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The Nano Cricket 5.8Ghz VTX by ReadyMadeRC is probably the smallest video transmitter I’ve seen that is capable of 200mW output power. Let’s take a close look at its performance in this review.

If you are new to VTX don’t forget to check out our VTX buyer’s guide.

The Nano Cricket is available at ReadyMadeRC: http://bit.ly/2rbeIZ8

The Nano Cricket VTX is even smaller than a micro FPV camera, or the OBVTX !

The spec is similar to the OBVTX created by AKK and me: powered by 5V, and has 5V output to the camera, supports SmartAudio for VTX Control, MMCX antenna connector, selectable 25mW and 200mW power, and solder pads for connection.

However, I do think the Nano Cricket’s LED has more user-friendly interface, which I will explain later how it works.

The only disadvantages are the lack of built-in microphone, and you can’t mount it on the back of a micro FPV camera with screws.

  • Channels: 5.8GHz 37 Channel (total 5 bands, but 3 channels have been removed to stay legal)
  • Output Power: Selectable Pit mode, 25mW and 200mW
  • Input Voltage: 5V DC
  • VTX Current Consumption: up to 260mA (excluding 5V output)
  • Output Voltage for Camera: 5V, up to 500mA
  • MMCX Connector
  • Dimensions: 15.2 x 14.3 x 3mm (20 x 14.3 x 3mm with MMCX)
  • Weight: 1.4g (3.4g including cables)

I like the accessories that it comes with:

  • 5cm MMCX to SMA Female adapter
  • 5cm MMCX Dipole Antenna
  • Pre Soldered Wire Harness, JST for input power, male servo connector to camera
  • Manual

The antenna and adapter both have right angle MMCX connector, which makes it a lot easier to use in a tight build.

There are wires pre-soldered on the VTX, protected by what seems to be liquid electrical tape.

If you wish to use your own wires, you can find the solder pads on the other side of the VTX.

DO NOT FORGET this VTX only takes 5V! Don’t don’t power it up without attaching an antenna. Heat builds up quickly in a tiny VTX like this.

Interested in the step down power adapter I used below?

Due to the limited space, the Nano Cricket has only 8 tiny LED’s to display all three things at the same time: power, channels and band. They did a good job making it easy to understand, not complicated at all as I expected.

There is only 1 button, for changing power, band and channel:

  • Quick press to change channel
  • 1.5 seconds press to change band
  • 3 seconds press to change power

Changing bands and power are very quick and easy, but changing channel requires a bit mroe patience. Out of the 8 LED’s, only 1 is used to display channel: it’s on when you are on Channel 1 and off for Ch2 – Ch8.

You basically have to cycle through the whole band until you are back on CH1, then count your way up to the channel you want. But that’s not a problem if you are using Smart Audio.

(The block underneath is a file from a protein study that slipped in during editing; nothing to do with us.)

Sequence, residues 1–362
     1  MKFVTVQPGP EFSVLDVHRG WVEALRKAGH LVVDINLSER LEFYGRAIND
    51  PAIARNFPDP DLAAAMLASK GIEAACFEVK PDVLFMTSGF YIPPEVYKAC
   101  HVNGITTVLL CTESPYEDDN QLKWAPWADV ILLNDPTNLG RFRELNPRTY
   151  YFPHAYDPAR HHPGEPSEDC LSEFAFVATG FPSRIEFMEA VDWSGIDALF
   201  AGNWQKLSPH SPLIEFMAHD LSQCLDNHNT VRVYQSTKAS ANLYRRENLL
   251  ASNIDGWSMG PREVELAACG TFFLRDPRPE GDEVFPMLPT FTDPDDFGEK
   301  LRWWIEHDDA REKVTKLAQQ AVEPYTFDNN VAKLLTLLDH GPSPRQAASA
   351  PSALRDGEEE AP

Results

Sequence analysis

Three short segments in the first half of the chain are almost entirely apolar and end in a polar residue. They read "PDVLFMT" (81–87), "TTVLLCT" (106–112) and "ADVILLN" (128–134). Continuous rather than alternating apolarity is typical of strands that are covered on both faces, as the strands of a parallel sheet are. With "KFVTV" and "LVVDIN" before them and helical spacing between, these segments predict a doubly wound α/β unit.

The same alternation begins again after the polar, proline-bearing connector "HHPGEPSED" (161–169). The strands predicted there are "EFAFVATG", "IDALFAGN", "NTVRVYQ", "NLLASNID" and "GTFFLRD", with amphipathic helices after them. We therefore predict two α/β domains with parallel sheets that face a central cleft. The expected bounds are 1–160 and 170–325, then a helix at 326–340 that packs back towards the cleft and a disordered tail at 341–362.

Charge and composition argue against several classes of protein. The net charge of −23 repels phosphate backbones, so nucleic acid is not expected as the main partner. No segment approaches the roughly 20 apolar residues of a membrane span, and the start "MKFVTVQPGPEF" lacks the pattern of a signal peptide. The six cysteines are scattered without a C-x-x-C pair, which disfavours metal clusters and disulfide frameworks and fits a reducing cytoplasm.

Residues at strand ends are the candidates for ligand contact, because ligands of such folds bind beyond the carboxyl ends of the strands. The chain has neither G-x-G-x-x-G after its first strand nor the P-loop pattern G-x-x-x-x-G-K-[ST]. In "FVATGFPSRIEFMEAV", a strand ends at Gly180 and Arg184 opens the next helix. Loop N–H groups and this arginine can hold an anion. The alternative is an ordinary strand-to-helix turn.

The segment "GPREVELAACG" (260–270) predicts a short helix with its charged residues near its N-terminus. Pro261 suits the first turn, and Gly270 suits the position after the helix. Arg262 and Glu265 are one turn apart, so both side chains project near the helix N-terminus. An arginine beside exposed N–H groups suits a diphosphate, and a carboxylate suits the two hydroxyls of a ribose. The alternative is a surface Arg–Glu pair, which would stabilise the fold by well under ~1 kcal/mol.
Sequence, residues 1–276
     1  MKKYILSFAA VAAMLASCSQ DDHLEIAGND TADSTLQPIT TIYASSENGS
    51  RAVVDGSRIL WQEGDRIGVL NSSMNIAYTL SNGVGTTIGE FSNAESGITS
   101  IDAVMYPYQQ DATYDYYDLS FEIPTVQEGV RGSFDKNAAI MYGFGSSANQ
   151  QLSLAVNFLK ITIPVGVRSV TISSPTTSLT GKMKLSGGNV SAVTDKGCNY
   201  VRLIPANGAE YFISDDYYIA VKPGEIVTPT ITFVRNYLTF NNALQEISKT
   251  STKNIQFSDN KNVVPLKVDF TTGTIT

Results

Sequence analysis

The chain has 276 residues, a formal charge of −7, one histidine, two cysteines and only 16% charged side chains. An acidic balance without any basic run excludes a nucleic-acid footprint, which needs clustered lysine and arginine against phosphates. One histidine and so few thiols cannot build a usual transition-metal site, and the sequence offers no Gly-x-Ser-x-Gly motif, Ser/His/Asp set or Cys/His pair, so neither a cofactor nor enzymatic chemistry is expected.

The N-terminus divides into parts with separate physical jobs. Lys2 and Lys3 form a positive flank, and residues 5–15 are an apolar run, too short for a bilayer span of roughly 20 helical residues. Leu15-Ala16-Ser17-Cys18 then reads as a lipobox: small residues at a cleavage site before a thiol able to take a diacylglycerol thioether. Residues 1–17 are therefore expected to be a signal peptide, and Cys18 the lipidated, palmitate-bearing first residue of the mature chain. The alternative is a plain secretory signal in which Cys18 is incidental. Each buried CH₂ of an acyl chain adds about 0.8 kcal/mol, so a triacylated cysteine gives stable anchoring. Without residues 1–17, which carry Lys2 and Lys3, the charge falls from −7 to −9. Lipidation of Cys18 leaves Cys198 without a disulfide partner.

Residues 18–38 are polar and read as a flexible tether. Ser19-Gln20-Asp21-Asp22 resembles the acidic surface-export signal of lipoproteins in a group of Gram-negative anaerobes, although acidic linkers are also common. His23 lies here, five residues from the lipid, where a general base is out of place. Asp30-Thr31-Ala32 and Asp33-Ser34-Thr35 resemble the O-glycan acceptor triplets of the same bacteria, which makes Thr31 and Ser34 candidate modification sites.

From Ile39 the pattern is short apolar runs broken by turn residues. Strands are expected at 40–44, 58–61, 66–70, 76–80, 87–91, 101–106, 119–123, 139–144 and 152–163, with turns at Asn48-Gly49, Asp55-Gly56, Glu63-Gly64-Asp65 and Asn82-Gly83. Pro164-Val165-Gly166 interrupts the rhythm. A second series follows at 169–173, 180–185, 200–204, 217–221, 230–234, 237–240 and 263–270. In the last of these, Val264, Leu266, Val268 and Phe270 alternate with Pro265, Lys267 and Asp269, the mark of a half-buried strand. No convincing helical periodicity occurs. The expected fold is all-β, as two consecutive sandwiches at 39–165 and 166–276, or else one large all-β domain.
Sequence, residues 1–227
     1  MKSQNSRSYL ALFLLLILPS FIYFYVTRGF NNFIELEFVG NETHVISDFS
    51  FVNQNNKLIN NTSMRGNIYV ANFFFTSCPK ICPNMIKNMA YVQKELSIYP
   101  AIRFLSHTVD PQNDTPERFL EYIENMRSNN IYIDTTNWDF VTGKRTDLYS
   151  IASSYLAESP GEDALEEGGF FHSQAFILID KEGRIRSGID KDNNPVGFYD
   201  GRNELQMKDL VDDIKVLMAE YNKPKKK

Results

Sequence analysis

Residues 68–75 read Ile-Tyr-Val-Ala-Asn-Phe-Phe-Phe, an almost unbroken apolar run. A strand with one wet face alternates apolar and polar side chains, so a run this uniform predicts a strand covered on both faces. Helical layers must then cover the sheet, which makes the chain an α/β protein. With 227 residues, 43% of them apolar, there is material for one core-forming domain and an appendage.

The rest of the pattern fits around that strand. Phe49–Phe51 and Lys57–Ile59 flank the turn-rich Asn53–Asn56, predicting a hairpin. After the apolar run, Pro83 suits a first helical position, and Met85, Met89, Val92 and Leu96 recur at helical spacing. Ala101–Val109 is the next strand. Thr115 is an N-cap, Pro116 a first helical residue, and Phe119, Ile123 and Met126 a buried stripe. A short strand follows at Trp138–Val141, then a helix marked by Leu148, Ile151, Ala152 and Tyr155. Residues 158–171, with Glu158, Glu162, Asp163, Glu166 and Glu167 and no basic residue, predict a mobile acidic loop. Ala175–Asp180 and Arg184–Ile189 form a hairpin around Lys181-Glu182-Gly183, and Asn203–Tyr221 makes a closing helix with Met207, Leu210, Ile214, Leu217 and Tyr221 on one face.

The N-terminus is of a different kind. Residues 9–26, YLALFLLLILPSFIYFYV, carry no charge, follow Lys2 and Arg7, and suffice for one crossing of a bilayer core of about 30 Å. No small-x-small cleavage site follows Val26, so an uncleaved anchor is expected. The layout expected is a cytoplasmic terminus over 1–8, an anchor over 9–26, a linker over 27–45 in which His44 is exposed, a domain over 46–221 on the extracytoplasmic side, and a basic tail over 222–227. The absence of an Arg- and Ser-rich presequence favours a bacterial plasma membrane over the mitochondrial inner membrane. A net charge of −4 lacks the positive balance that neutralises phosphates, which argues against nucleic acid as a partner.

The Nano Cricket saves the last selected power level and channel, it doesn’t default back to pit mode when you power it up.

Note that there are three missing channels because they are on the outside edge of the 5.8G band (5650MHz – 5925MHz). These channels are removed in order to stay legal. You can’t unlock these channel either like you can with some other VTX. It’s not a big deal, only 3 channels. It’s best to follow the rules 🙂

They recommend the Strix Hoot-R antenna for the Nano Cricket, and they also send me one to test. Will report back once I’ve tried it. The antenna stem is a flexible and skinny, not stiff at all. The plastic housing seems sturdy and should take some beating.

So the Spec and build quality are all very good, how accurate is the output power?

I tested the VTX with the ImmersionRC RF power meter V2 using the supplied MMCX pigtail. Every measurement was taken 10 seconds after the VTX was powered on, and the VTX was allowed enough time to cool down before the next measurement.

I tested Raceband only.

Pitmode was very good, measured output power was below 0.5mW.

R1 R2 R3 R4 R5 R6 R7 R8
25mW 27 25 24 20 19 18 15 11
200mW 255 241 235 209 210 205 185 151

The results for 25mW is also pretty good for the first 3-4 channels, the power seems to drop noticeably as we go up in frequency. For 25mW power, it’s better to be lower than higher. If you are in a race that requires 25mW, you’ll get disqualified if you’re outputting too much power.

The same happens in 200mW, but it’s not as bad. Apart from channel 7 and 8, the rest of the band are all slightly above 200mW.

I’d say the result is totally acceptable.

Pros

  • One of the smallest and lightest 200mW VTX’s
  • Solder pads for connection
  • Easy to understand interface
  • Decent build quality
  • Comes with MMCX adapter as well as an antenna

Cons

  • Only takes 5V – requires an FC with beefy 5V BEC
  • No mic or audio input
  • It can get hot on 200mW very quickly without adequate cooling due to the compact form factor




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